The host's only purpose, it seems, is to move the guests off their talking points. It's a hollow enterprise with rare impact in the real world. Rather than enjoin a high-level dissection, the Sunday shows present a remedial form of news that simply cannot appeal to any significant section of the population. So, how to solve a problem like this?
Previously, Jonathan Bernstein and Paul Waldman have made a lot of great suggestions. Waldman's First Rule should be gospel: I also tend to think that shows like "Meet The Press" suffer from an access problem -- that is to say, they are so concerned with maintaining their access to political elites that the shows are now effectively a no-accountability salon.
Somehow, somewhere a wire has gotten crossed and "Meet The Press" has become party to a set of perverse incentives.
I've previously highlighted how Las Vegas-based political reporter Jon Ralston has managed to keep his journalistic enterprise running according to the correct polarity. Gregory took over the show in after Russert's sudden death. This change may seem like an esoteric matter, but Meet the Press is a broadcast institution. It is the longest continuously running TV series in American broadcast history, debuting injust two years after the end of World War II.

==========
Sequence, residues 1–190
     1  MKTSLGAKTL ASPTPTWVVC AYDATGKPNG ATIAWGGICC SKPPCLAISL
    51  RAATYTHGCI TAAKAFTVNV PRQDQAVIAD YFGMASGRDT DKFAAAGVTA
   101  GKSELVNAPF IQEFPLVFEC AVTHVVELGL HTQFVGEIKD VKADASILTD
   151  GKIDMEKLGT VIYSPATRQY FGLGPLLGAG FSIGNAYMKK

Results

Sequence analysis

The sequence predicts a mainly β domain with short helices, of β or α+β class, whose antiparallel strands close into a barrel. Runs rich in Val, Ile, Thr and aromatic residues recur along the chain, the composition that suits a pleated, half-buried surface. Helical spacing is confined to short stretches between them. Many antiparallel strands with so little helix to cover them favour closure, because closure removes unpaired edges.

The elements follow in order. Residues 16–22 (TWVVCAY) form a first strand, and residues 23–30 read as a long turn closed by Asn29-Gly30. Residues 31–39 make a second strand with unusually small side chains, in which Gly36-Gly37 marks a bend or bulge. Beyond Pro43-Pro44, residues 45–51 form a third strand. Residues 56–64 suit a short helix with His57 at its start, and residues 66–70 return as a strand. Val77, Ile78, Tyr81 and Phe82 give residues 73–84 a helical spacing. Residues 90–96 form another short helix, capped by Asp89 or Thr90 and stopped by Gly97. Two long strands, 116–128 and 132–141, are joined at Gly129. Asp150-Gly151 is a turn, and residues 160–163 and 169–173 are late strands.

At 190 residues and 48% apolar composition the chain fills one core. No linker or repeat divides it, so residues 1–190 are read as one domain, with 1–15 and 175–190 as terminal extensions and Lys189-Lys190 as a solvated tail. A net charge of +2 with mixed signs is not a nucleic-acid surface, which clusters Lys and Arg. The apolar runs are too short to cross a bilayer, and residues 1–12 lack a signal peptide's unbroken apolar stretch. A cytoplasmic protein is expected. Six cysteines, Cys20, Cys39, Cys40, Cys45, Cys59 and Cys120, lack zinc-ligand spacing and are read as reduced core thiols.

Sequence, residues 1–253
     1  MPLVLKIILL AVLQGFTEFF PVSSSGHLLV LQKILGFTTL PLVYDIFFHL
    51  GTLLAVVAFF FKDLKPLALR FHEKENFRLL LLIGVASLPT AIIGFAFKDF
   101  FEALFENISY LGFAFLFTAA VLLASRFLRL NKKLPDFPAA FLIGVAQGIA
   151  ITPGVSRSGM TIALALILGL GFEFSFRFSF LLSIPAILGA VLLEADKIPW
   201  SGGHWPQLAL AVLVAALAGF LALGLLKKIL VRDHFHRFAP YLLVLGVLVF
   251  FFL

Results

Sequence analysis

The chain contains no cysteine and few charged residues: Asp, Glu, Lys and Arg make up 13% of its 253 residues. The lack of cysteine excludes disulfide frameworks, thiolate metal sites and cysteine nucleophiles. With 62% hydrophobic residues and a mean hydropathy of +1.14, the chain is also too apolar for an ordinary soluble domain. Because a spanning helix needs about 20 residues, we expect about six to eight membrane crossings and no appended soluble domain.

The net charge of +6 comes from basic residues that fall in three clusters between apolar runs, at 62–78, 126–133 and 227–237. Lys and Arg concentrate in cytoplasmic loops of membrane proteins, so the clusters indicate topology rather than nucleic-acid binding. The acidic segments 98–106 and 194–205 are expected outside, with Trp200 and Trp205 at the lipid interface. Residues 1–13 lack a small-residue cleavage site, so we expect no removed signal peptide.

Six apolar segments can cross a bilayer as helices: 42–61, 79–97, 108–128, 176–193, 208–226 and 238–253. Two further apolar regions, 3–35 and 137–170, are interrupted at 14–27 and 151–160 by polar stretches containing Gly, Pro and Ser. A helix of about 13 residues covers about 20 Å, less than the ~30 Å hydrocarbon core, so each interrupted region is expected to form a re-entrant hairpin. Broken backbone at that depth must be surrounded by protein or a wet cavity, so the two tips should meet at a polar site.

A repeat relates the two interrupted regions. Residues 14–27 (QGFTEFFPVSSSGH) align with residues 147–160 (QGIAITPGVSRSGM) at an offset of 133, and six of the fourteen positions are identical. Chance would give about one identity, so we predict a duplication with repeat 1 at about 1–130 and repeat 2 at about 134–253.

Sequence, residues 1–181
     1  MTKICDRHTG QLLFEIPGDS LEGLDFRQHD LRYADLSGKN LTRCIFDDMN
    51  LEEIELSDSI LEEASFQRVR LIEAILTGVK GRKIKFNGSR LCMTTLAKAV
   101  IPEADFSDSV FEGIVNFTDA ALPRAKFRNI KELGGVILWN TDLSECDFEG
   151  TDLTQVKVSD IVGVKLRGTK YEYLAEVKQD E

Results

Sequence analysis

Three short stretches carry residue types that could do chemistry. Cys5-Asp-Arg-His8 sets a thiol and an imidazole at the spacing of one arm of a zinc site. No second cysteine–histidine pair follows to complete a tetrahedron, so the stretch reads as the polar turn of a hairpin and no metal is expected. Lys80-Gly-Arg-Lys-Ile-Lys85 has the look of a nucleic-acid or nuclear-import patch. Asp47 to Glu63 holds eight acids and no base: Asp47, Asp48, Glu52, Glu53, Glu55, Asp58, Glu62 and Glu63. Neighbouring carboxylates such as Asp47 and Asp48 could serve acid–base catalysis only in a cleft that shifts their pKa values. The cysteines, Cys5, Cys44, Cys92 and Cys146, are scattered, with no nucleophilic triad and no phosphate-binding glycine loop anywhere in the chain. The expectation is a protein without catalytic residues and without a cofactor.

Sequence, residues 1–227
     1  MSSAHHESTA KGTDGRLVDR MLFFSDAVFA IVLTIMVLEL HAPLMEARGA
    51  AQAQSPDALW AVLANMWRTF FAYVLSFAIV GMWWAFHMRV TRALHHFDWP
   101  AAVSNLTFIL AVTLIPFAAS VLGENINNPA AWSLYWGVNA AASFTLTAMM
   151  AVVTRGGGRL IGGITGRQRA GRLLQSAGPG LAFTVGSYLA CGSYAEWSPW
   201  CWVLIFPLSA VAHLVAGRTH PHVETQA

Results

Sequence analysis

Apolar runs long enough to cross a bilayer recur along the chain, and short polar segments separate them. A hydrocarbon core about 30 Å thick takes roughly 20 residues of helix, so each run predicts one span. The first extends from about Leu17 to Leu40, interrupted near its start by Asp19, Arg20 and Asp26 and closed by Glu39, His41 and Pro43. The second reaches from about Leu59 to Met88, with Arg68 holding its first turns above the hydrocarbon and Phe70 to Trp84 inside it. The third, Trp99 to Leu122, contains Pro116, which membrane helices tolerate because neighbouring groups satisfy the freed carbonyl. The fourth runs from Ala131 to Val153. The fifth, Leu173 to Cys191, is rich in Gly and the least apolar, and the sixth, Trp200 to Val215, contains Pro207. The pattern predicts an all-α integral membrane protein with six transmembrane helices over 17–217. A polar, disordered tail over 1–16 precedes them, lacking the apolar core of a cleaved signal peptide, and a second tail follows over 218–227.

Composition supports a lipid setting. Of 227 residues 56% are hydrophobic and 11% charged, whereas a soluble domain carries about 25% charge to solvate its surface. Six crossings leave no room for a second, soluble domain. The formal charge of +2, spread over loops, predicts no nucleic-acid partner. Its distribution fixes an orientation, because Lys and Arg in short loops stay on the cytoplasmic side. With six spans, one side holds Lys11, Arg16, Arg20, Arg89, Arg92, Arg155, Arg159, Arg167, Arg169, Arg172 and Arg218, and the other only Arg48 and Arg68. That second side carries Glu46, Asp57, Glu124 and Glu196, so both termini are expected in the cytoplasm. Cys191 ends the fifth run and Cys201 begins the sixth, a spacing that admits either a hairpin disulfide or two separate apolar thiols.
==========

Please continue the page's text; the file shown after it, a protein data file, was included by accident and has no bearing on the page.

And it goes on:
Chuck Todd to replace David Gregory on 'Meet the Press'
And it's a demanding gig. I found out late last year how difficult such hosting jobs are, when I stepped in to guest-host CNN's Sunday morning media analysis show Reliable Sources on three occasions in the fall.
I also learned a little bit about how these shows are put together, and the incredible impact even a guest host can have on what you see. On Meet the Press, Gregory has taken criticism for everything from displaying a high-capacity ammunition magazine during a discussion on gun control to questioning that seemed to accuse journalist Glenn Greenwald of breaking the law in his reporting on revelations by Edward Snowden.
But my experience tells me replacing Gregory won't solve Meet the Press's problems alone. The show needs more change to stay relevant in today's news mix. Stop with the old boys and girls network.
The same people keep appearing on Sunday talk shows offering the same opinions serving the same political agendas. Todd's first day on "Meet the Press" will be September 7.
In other words, last week was Gregory's last edition of "Meet the Press" -- though the viewers didn't know that at the time. Gregory confirmed his departure in a series of Twitter messages on Thursday afternoon, hours after CNNMoney reported that the "Meet the Press" moderator change was imminent.
To the viewers, I say thank you. Born on radio in and reborn for television in"Meet the Press" is the longest-running show on TV. Within NBC, it is a cherished brand, but it's also one that has fallen on hard times. With Todd in the anchor chair, NBC hopes to reinvigorate the program and its weekly ratings.